Looking for an extra incentive to spend some quality time with your grandchildren? Try telling their parents it could extend your life.
A growing body of research supports the idea that grandparents who babysit a grandchild live longer, so parents with young kids can take heart that their parents and their kids are getting benefits from babysitting time together.
Considerable spoke exclusively with Dr. David Coall, senior lecturer at Edith Cowan University and a co-author of an influential 2017 peer-reviewed study that found a link between grandparental caregiving and mortality.
Dr. Coall was enthusiastic about the progress in this particular area of exploration. “This is a very exciting time to be involved in this research field,” he said. “As the evidence builds, we hope to be able to make useful recommendations for healthy living.”
He then provided some updates in the field and highlighted further connections that still need to be made.
The 2017 study Dr. Coall co-authored analyzed date from the Berlin Aging Study (BASE), which tracked the health and social conditions of over 500 participants in Berlin between 1990 and 2009.
The BASE study was comprised of interviews and medical tests done in two-year intervals, and included a caregiving section in which respondents described the frequency with which they cared for a grandchild without the parents’ presence.
An important note: The study focused on grandparents who simply provided periodic babysitting, not primary caregiving for their grandchildren.
In fact, those primary caregivers were excluded from this sample: The physical and emotional challenges of stepping into the role of primary caregiver for a grandchild are distinct, the researchers reasoned.
Dr. Coall’s team found that caregiving grandparents had a 37% lower risk of death than non-caregiving grandparents. An identical 37% risk reduction in mortality was found when comparing caregiving grandparents with non-grandparents.
To put it another way, the risk of dying over a 20-year period was one-third lower for grandparents who provided some level of care for their grandchildren, as opposed to grandparents who provided no care at all.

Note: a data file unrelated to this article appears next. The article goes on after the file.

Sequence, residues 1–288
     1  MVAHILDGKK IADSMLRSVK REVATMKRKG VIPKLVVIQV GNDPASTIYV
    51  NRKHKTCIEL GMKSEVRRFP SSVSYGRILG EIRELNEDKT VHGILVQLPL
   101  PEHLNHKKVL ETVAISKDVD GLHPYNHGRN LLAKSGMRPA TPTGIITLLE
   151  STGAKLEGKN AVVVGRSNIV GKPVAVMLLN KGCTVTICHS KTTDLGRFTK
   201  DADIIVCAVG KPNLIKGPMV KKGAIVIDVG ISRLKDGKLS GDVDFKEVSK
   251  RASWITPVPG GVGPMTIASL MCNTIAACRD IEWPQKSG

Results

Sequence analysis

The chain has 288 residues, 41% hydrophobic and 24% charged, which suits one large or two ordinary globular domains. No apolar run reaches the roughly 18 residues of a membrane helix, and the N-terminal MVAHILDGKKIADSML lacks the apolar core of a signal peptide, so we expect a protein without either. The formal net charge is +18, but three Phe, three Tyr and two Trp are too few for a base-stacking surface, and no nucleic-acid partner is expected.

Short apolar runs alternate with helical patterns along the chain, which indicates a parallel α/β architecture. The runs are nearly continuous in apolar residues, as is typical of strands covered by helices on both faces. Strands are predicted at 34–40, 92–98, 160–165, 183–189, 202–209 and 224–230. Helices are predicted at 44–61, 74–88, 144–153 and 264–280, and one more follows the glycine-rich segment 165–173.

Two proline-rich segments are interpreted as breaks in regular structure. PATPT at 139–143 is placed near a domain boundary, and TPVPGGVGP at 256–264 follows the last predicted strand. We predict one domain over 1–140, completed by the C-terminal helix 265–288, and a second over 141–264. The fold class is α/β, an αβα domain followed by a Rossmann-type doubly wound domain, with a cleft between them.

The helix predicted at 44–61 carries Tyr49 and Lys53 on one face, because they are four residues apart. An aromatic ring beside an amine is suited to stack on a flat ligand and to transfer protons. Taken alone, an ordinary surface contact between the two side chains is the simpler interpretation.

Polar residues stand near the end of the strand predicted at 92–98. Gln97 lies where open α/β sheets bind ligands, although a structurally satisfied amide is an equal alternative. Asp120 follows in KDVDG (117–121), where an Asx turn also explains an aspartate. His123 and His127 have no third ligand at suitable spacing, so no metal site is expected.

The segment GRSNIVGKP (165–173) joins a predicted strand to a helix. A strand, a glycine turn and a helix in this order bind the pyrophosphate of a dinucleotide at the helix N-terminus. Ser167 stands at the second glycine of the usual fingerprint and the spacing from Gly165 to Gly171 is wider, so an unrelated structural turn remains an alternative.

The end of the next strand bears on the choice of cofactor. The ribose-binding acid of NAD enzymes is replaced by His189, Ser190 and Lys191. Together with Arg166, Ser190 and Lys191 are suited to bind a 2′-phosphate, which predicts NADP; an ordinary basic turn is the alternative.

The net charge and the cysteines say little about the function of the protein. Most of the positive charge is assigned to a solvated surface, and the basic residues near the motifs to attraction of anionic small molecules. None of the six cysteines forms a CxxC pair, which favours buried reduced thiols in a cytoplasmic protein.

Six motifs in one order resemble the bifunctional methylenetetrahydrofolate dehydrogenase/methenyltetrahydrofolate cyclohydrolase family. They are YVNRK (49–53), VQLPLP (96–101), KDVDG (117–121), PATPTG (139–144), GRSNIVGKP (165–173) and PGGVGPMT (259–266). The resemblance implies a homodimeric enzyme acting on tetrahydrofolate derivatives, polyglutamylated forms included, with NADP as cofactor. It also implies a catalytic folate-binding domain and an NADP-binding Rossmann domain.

According to Dr. Coall, “The obvious next question was, ‘Is that purely because healthier grandparents are more likely to babysit and live longer?’”
In August, 2017, the team used the same BASE data to distinguish whether grandparents were healthier due to babysitting, or if they were babysitting because they were already healthier and able to do so.
Dr. Coall summarized the results: “We found that health only accounted for 22% of the association between helping and longevity. Interestingly, a direct effect of babysitting on longevity still existed in the data. So, we continue to look for what could be making this link between helping and living longer.”
Dr. Coall told us that a number of longitudinal studies have examined whether babysitting is associated with a subsequent improvement in grandparental health, with mixed results.
The most recent study, a collaboration with researchers in Finland that came out earlier this month, examined whether someone who became a grandparent subsequently went on to enjoy improved health.
Dr. Coall noted that the research shows “a specific improvement in physical health, but not in emotional or mental health. Maybe this works through increased activity levels looking after grandchildren.”
Past studies have attempted to link grandparental caregiving with increased cognitive function, including lower risks of Alzheimer’s, as well as lower risk of depression.
These specific studies don’t correspond with Dr. Coall’s research, but overall there is a clear theme: babysitting a grandchild can provide important physical and emotional stimulation that can have long-term health-benefits.
And while further research needs to be done to prove a direct relationship between caregiving and longer life, enough evidence exists to confidently propose a weekly babysitting routine as a health-enhancer for grandparents.